Musician - August 2009
: Tim Willcox
In middle school, in Eugene, I had a choice of being in the choir or
being in the band or doing a sport or something like that. I chose
band, and then I had to choose between the saxophone or the snare drum,
the two instruments that were left. The saxophone looked inherently
more interesting. Shortly after that I started playing and had a really
great teacher named Joe Ingram. He was like the “Mr. Holland” of Eugene
... a really inspirational band director who was really into jazz. He
had tons of records, and he'd loan them to me. My next big exposure to
jazz was my saxophone teacher, Carl Woideck (University of Oregon
professor and author). I started on the alto sax and switched to tenor
my senior year in high school. I still play the alto, but the people I
was really listening to back then -- Coltrane, Shorter, Brecker --
inspired me to switch to tenor. [Note: In high school Willcox received
a Downbeat student musician award, was a Presidential Scholar of the
Arts in 1993, and received a Stan Getz/Clifford Brown fellowship from
the National Endowment for the Arts.] After high school I went to the
University of Oregon for a year, but they didn't have a degree program
for jazz performance at that time, so I transferred to William
Patterson University in New Jersey, where I got a BA in jazz
Moved to Portland in 2002 and already knew a lot of people. Currently,
I have my own quartet, but play in David Friesen's quintet with John
Gross, Dan Balmer and Charlie Doggett. I really play with everybody in
town: Bill Athens, Greg Goebel, Chris Mosley, Alan Jones, Dan Schulte,
etc. There's not a lot of steady groups right now since there's not a
lot of clubs open at the moment. Portland as a straight-ahead town is
changing. There are a lot of younger guys who are moving here and doing
interesting things, but I like to do both. I like to play wedding gigs,
for example, where you have to play super inside; but having that
restriction forces you to be creative in that context. One of the good
things about growing up in Oregon is being exposed to and learning the
standards. I think it's an important part of the history of the music.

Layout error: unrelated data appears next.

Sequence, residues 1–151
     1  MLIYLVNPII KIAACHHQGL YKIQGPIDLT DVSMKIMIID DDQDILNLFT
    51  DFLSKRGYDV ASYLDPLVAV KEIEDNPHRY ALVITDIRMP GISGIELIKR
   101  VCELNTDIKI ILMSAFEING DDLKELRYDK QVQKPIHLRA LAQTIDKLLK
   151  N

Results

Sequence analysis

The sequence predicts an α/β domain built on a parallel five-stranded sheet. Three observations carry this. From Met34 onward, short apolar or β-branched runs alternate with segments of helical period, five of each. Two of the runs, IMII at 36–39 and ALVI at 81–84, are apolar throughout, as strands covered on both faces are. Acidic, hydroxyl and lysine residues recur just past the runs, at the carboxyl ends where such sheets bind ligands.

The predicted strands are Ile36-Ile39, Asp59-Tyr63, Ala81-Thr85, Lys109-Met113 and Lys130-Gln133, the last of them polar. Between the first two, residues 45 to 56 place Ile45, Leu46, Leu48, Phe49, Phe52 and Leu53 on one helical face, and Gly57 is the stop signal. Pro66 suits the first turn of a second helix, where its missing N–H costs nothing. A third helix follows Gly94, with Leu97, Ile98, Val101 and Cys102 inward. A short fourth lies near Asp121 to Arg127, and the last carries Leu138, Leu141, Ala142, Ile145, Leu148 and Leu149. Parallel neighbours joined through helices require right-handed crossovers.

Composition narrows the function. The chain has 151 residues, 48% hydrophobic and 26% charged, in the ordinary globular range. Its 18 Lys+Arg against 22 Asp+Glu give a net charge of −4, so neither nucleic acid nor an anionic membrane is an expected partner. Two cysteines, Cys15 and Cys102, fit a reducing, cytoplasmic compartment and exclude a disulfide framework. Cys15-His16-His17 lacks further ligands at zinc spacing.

I love Kurt Rosenwinkel and those guys, but a lot of the young players,
particularly back East, are using that as a starting point instead of
going back and listening to Charlie Parker or Louis Armstrong.
I've always had students; even in college I was teaching at a local
high school. I enjoy teaching, especially if the student is into it.
It's fun to come up with exercises or devices to get them to improve,
and it's gratifying to see if it works.
Everyone ... Sonny Rollins, Joe Henderson, all the usual suspects,
really. I especially love Warne Marsh, Seamus Blake (plays w/John
Scofield), Chris Cheek, all tenor players. And, of course, Carl
Woideck whom I studied with for eight years.
Most Satisfying Experience:
Some nights you feel like everybody's listening to each other and you
feel free. You can rely on the other musicians no matter what you're
playing. It happens rarely. Most gigs are a bunch of people thrown
together, but on those special occasions when it really works, it's
exhilarating. I usually think to myself, ‘I wish it could happen like
that all the time...’; you kind of get into a zone.
Miles Davis “The Complete 1964 Concert,” “My Funny Valentine” and “Four
and More”; Keith Jarrett “Standards Live”; Elliott Smith “XO”; The
Beatles “Revolver”; Charlie Parker “The Complete Savoy and Dial
Recordings”; Peter Erskine Trio “Time Being”; Jan Garbarek “Dansere”;
John Coltrane “A Love Supreme”; Ravel “Piano Concerto in G majo” (esp.
the 2nd movement); Sonny Rollins “Way Out West”; Michael Brecker
“Michael Brecker”; Lee Konitz “Motion.”
“Sound Architecture” (2008) Diatic Records: Tim Willcox Quartet with
Toby Koenigsberg on piano, Chris Higgins on bass, and Randy Rollofson
on drums. Other recordings Tim appears on include: Marcus
Reynolds/Farnell Newton “Sense of Direction” Diatic Records; Chris
Mosely Quartet “Outside Voices” Diatic Records; Francis Vaneck's “Zone”
w/Randy Porter, Peter Erskine, Larry Grenadier and Ingrid Jensen; Gino
Vannelli's “A Good Thing”; Anson Wright's “Eleven Daughters” w/Darrell
Grant and Brian Menendez; and Shelly Rudolph's “In This World.”
8/6/09 Bridgeport Village, Tigard; 8/7/09 w/David Friesen and John
Gross, Seattle; 8/8/09 the Portland Spirit; 8/13/09 Happy Valley Music
Festival w/Karla Harris; 8/22/09 w/David Friesen Quintet, Jimmy Mak's;
8/28/09 w/Johnny Martin at the Heathman Hotel; 9/4/09 w/Dan Schulte
Sextet, Jimmy Mak's.
I'm working on a new quartet album featuring David Goldblatt on piano,
Bill Athens bass and Charlie Doggett on drums. I'm also writing lyrics
and songs, and hopefully I'll have a group with a singer. I want to do
more touring or playing outside of Portland.
It's really interesting working with David Friesen; his music is so
unique you can't just play the stuff that falls under your fingers. He
has his own harmonic and melodic scheme going on that nobody else does.
You can't plug in what you're used to playing. It forces you to
improvise all the time. It's really challenging.
-- by Rita Rega